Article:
Who’s Bigger ?: Where Historical Figures Really Rank is a 2013 book by the computer scientist Steven Skiena and the Google Engineer Charles Ward which ranks historical figures in order of significance. 
The authors used the English Wikipedia as their primary data source, and ran the data through algorithms .  According to the authors, a higher ranking indicates greater historical significance . 
Skiena and Ward Compared all English Wikipedia Articles contre five criteria: two That draw is Google page rank , and three That draw is internal Wikipedia metrics: the number of times the page has-been viewed, the number of edits to the page, and the size Of the page. The concept is that these criteria measure the current fame of the subject. This is then manipulated by other algorithms to compensate for a recent significance.  In addition to the main list, various sublists are included.
While the authors claim that their purely quantitative approach to the question of individual historical significance is a virtue, questions about whether the book is more than “a lot of fun”  and an “entertaining exercise”  include doubts whether an Skew it towards the history of the English-speaking world, whether fame over time is a good measure of significance, and whether attention to a subject in Wikipedia is a good proxy For overall fame.  
While acknowledging the bias against non-Western figures and disavowing any special authoritativeness,  the authors make the case that their methods are both novel and useful – for instance, that historical fame and historical significance are intertwined In common with the fading or staying power, in which, in addition to the other, Skiena described: “We do not answer these questions as historians might, through a principled assessment of their individual achievements.” Instead, we evaluate each person by aggregating the traces of millions of opinions in a rigorous and principled manner … Measure meme strength,
The top five entries on the list are Jesus , Napoleon , Mohammed , William Shakespeare , and Abraham Lincoln . 
Regarding the relative paucity of women on the list  (only three of the top 100 figures are women),  the authors point out past barriers to women assuming historically significant roles.  HOWEVER, critics-have aussi postulated a bias in the Underlying data source,    since only 15% of English Wikipedia editors are female.  The authors acknowledge that the authors allow that “[T] he English-language Wikipedia is inherently culturally biased … The Wikipedia authors did not leave their prejudices at the door, Gender reflect attitudes as well as accomplishments “)  and in fact Skiena notes that, Statistically speaking, in order to gain a Wikipedia entry a woman has to be somewhat more accomplished than a man.  Skiena stated: “Our methods show that for historical figures from the past 300 years, the average significance of women appearing in Wikipedia was more than that of the average man. Analogous to being about 4 IQ points smarter in the mean. “Fortunately, this significance gap has closed and essentially eliminated in modern times.”  The average significance of women appearing in Wikipedia was more than that of the average man. Wikipedia, the analogous to being about 4 IQ points smarter in the mean. Fortunately, this significance gap has closed and essentially eliminated in modern times. ”  The average significance of women appearing in Wikipedia was more than that of the average man. Wikipedia, the analogous to being about 4 IQ points smarter in the mean. Fortunately, this significance gap has closed and essentially eliminated in modern times. ”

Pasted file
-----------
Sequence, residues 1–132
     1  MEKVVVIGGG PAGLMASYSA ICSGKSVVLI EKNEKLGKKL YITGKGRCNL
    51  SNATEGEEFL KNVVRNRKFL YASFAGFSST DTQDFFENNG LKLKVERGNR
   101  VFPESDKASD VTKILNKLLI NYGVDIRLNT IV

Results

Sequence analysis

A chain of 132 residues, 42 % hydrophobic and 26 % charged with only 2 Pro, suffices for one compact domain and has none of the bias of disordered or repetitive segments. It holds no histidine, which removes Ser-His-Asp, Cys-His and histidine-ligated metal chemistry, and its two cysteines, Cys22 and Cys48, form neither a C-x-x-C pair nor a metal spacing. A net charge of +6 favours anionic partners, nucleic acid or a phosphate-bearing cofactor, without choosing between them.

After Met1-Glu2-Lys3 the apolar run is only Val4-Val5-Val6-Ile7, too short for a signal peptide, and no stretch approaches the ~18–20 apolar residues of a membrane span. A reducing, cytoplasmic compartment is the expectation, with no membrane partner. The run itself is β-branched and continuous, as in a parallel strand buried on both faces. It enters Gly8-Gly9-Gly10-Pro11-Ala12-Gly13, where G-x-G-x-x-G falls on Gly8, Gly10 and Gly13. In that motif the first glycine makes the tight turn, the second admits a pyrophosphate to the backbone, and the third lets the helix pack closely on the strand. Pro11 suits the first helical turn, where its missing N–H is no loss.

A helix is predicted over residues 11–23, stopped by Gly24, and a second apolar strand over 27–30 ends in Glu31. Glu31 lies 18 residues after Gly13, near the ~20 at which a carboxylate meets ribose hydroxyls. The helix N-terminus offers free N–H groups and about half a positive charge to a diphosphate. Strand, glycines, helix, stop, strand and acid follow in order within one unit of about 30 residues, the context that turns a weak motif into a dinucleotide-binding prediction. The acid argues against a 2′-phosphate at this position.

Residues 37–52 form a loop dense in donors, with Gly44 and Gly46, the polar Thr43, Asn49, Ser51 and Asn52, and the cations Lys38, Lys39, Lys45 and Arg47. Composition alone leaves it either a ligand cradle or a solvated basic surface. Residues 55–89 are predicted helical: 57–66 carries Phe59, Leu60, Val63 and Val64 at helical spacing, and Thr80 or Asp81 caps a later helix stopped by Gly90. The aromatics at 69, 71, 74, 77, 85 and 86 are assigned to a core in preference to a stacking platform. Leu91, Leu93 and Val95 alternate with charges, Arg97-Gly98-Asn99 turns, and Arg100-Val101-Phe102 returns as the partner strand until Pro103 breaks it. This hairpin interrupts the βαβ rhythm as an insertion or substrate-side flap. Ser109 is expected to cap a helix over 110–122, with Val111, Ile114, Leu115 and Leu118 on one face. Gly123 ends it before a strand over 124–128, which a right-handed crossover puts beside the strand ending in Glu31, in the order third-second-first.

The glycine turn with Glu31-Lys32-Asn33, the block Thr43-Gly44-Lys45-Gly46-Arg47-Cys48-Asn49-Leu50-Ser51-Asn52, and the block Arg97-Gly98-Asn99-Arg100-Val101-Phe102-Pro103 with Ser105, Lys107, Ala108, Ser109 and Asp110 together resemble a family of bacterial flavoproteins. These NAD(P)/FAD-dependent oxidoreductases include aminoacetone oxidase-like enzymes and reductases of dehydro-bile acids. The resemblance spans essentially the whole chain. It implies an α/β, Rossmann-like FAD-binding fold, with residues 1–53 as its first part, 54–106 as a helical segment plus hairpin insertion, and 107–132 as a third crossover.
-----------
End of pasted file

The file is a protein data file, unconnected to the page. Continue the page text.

- The 100: A Ranking of the Most Influential Persons in History
- ^ Jump up to:a b c Kevin Hartnett (November 29, 2013). “The most important people who ever lived” . Boston Globe . Retrieved December 4,2013 .
- ^ Jump up to:a b Sara Malm (December 11, 2013). “Jesus Christ tops list of world’s most important people EVER (according to Wikipedia)” . Daily Mail . Retrieved December 22, 2013 .
- ^ Jump up to:a b c d e f Cass Sunstein (December 3, 2013). “Statistically, Who’s the Greatest Person in History? Why can not measure quants historic significance” . The New Republic . Retrieved December 4, 2013 .
- ^ Jump up to:a b c d e Hope Leman (September 25, 2013). “Interview with Author Steven Skiena” . Critical Margins . Retrieved December 4, 2013 .
- Jump up^ Ryan O’Hanlon (December 9, 2013). ” Jesus Christ: History’s Most Successful Meme ” . Pacific Standard . Retrieved December 22, 2013 .
- Jump up^ Christopher Middleton (December 16, 2013). “Aristotle or Britney – who’s the most famous of them all?” . The Telegraph . Retrieved December 22, 2013 .
- ^ Jump up to:a b c Cathy Lynn Grossman (December 12, 2013). “Jesus, Elvis, and Aristotle: Who’s bigger?” . The Washington Post . Religion News Service . Retrieved December 22, 2013 .
- Jump up^ Skiena, Steven; Ward, Charles (2013). Who’s Bigger ?: Where Historical Figures Really Rank . Cambridge University Press. ISBN 978-1107041370 . , Quoted inAlex Bogomolny (December 11, 2013). “Who’s Bigger Where Historical Figures Really Rank” . MAA Reviews . Mathematical Association of America . Retrieved December 22, 2013 .